1. This was a good idea that was long in comming. That said, if the army is serious about this, the Phalanx anti-missile system may not be the best choice. The Phalanx is big and heavy (around 6 tons), bulky (the R2D2 dome )and not the most adaptable. The selection of 20mm rounds, limits its usablity in alternate roles. The Navy is moving away from the Phalanx, to a more flexible and capable weapon, the Millenium Gun. The Millenium gun is built to be adaptable, and accept multiple sources of data. It is self contained, lighter (around 3.5 tons) and its 35mm gun, has a greater range then the Phalanx. Depending on the target, it can engage targets at up to 4 km.

  2. Small point: HEIT-SD does not really ‘explode in mid-air, raining shrapnel at the incoming rounds in order to destroy or deflect them.’ HEIT-SD rounds for the 20 mm Vulcan guns are point-contact fuzed. In other words, they only explode when they actually hit something or, at the end of their useful range, when their tracer burns out (the self-destruct point). There’s no time or proximity type fuze action involved. There are two fuze types typically used with 20 mm Vulcan ammunition: Super-quick and short delay. With a super-quick fuze, the round detonates on contact with the target body and the splinters mainly shred the outside airframe. With a short delay fuze, the round penetrates into the target body before detonating and thus the splinters chew up the internal works. To James: Thanks for linking to my website. Point of order: I’m afraid that you are comparing apples and oranges as the weight you give for the Millenium does not include the off-mount radar and computing system needed for fire control while the weigth for Phalanx does include those things. The 3.5 ton weight that you found at my website is only for the Millenium gun mounting itself, it does not include the needed radars and fire control elements. As Phalanx is a self-contained unit, including all radars, computers and gun equipment, the mounting weight of 6 tons is an ‘all-up’ figure. Only a power source needs to be added to turn the Phalanx into a truck-borne weapon system. For Millenium, you need the naval equivalent of ‘Skyshield’ sensor and command modules, which can be seen here: The guns in this picture are the land air-defense version of Millenium.

  3. I believe the AHEAD rounds of the Mil. gun have timed fuses. The timing on the fuse is actually set as the shell leaves the muzzle and the system knows exactly how fast the shell is travelling. The shells burst before they each the target and do create a cloud of shrapnel.

  4. Hi Gareth, My comment was really in regards to the type of ammunition used by Phalanx and other similar 20 mm ‘Vulcan’ cannons which was the subject of Mr. Murdoc’s article, I really wasn’t addressing the kind of ammunition used by Millenium/Skyshield. Please note that in Mr. Murdoc’s last paragraph, he is specifically describing how HEIT-SD operates. My post was intended to correct Mr. Murdoc’s description of how HEIT-SD operates. You are correct that AHEAD uses a time fuze, but, by definition, that means that AHEAD is not a HEIT-SD type of round which is what C-RAM uses. AHEAD is also not a HE round as it does not use a ‘High Effect’ or ‘High Explosive’ burster to attack the target, and it really uses pellets rather than splinters to shred the airframe (shrapnel is sort of an archaic term which is really referring to a specific kind of shell but which was also used around the mid-twentieth century to mean shell-casing fragment. These days ‘splinter’ is the generally more accepted term to mean a shell-casing fragment). AHEAD is actually in a new category and doesn’t fall within the older projectile abbreviated designations like AAC or HEIT. My Jane’s Ammunition Handbook, for example, doesn’t call it anything other than AHEAD (Advanced Hit Efficiency And Destruction).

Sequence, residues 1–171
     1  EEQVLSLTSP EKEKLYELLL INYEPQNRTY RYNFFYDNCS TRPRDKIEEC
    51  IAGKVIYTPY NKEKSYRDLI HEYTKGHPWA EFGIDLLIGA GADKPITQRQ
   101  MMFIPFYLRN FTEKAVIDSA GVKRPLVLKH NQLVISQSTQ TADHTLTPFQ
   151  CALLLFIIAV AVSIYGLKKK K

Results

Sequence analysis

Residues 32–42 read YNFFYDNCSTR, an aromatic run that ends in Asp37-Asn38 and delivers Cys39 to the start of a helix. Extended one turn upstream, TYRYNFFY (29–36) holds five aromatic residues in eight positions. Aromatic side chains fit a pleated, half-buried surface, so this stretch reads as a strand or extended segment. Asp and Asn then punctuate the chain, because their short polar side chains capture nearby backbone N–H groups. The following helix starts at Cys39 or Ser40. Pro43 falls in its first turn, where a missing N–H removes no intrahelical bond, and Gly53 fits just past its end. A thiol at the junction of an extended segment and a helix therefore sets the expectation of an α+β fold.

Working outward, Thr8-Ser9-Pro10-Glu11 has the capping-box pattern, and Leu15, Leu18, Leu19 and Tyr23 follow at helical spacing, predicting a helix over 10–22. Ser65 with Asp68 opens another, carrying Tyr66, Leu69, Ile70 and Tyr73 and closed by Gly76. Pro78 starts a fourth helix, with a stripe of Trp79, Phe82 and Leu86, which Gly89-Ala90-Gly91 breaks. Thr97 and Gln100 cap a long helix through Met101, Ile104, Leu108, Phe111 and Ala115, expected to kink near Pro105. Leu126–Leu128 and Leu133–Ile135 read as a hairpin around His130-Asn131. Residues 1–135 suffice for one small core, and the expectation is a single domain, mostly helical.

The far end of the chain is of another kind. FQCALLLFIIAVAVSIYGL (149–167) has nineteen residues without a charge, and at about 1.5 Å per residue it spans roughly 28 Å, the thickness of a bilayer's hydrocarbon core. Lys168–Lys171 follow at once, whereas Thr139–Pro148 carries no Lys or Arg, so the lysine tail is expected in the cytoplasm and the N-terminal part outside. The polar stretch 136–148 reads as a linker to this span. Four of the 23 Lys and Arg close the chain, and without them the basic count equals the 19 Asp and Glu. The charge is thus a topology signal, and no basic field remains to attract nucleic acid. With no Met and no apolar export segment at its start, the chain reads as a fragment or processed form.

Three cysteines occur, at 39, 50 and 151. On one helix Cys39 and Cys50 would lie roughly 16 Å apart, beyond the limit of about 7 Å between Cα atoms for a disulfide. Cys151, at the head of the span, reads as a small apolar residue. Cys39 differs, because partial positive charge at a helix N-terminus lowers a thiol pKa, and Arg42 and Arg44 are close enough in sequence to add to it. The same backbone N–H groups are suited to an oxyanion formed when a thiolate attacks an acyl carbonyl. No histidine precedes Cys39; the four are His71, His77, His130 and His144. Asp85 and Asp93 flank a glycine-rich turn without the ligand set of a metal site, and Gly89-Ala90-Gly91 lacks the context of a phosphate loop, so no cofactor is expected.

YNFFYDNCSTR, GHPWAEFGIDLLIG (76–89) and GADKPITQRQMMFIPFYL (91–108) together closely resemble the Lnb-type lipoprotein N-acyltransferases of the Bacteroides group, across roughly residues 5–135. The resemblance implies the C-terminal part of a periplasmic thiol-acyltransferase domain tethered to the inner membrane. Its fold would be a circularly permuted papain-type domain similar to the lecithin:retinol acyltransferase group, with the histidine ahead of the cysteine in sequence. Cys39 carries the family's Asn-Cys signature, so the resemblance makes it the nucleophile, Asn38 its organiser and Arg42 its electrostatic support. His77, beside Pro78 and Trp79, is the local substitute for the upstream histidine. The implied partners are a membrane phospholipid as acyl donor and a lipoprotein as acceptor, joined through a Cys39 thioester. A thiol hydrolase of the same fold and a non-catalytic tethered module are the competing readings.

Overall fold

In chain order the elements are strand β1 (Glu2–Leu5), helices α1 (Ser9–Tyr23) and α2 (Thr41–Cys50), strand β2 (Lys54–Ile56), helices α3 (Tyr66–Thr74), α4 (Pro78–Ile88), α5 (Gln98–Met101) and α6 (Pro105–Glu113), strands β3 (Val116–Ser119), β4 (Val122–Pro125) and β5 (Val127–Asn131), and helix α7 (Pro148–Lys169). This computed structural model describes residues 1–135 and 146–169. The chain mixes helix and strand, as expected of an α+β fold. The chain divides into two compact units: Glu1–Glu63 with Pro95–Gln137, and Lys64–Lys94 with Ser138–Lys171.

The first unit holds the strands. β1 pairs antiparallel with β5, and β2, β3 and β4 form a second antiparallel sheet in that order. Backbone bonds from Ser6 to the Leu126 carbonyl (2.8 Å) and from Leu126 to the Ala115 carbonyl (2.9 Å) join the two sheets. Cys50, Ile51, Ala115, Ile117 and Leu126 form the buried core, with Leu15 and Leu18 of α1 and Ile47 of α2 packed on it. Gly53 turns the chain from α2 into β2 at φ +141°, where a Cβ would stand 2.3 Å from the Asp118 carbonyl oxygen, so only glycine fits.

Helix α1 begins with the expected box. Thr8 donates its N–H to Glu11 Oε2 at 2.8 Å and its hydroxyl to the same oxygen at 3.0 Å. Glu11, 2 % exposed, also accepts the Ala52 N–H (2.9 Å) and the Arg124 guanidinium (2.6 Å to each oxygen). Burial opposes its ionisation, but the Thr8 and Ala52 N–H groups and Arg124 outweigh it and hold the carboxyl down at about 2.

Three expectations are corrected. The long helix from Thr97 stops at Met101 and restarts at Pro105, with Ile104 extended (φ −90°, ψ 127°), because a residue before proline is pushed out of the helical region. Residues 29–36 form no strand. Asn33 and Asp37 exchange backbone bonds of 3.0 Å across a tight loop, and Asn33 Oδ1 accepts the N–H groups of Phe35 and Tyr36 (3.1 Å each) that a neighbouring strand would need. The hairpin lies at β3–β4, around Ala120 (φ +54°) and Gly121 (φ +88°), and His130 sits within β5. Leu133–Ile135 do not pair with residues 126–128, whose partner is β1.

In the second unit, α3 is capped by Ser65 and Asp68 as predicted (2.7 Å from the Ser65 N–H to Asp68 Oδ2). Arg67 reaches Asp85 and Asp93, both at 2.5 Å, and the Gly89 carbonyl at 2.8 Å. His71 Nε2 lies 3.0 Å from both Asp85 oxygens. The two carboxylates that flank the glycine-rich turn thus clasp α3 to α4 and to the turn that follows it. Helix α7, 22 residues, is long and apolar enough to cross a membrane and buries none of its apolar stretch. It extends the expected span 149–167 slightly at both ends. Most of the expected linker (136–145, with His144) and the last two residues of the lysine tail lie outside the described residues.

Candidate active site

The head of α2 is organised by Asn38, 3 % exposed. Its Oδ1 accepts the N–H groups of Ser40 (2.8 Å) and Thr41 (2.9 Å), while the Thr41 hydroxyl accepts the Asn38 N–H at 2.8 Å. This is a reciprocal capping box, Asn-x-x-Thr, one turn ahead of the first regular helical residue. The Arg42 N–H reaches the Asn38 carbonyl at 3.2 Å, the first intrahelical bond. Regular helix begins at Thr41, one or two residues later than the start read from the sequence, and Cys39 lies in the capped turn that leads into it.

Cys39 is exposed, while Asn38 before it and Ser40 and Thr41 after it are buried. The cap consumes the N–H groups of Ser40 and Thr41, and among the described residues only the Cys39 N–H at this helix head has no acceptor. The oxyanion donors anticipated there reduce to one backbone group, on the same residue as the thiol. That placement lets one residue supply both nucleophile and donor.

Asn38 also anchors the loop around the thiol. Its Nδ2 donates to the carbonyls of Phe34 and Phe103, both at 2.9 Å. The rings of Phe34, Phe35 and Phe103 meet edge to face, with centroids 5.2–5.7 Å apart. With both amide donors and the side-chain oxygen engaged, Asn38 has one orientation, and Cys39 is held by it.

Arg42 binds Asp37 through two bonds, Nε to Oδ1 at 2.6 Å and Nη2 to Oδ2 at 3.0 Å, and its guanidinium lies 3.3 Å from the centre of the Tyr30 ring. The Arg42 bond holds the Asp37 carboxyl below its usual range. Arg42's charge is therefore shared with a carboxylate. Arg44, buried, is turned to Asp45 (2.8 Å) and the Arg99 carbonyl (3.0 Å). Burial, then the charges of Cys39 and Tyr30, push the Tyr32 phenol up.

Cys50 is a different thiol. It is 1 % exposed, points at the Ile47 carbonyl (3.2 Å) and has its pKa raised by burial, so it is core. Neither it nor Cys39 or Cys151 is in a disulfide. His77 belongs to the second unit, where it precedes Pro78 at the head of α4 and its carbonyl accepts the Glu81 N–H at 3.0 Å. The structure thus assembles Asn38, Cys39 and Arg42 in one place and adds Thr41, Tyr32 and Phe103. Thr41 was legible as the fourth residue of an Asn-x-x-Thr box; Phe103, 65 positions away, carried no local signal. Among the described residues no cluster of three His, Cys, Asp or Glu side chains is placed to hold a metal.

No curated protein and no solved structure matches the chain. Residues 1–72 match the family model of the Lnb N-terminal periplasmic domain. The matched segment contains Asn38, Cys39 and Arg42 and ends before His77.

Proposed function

5. I was a CIWS tech in the Navy from 96-02, I was one of the first techs trained on the 1B version. I defintitly see a use for the 1B version in the Iraq. With the ability to track and lock on targets with the FLEER Camara, could be very useful. However, as a former tech and knowing what it can and can’t do, I can’t see CIWS being very successful at shooting down morter rounds.

  6. Rumor is that it has done it’s job (kill morter rounds) in Iraq. I could be wrong but if it has saved 1 life or 100 it has been a good choice. Better things are mostlikely on the way but for now it seems to get the job done.

  7. There is a comment (Posted by James | June 23, 2005 10:02 PM) saying the Navy is going to the Millenium Gun. Here it is 2 years later and to the best of my knowledge, the Navy has yet to schedule this gun for a ship. If anyone knows different, I’d love to hear about it.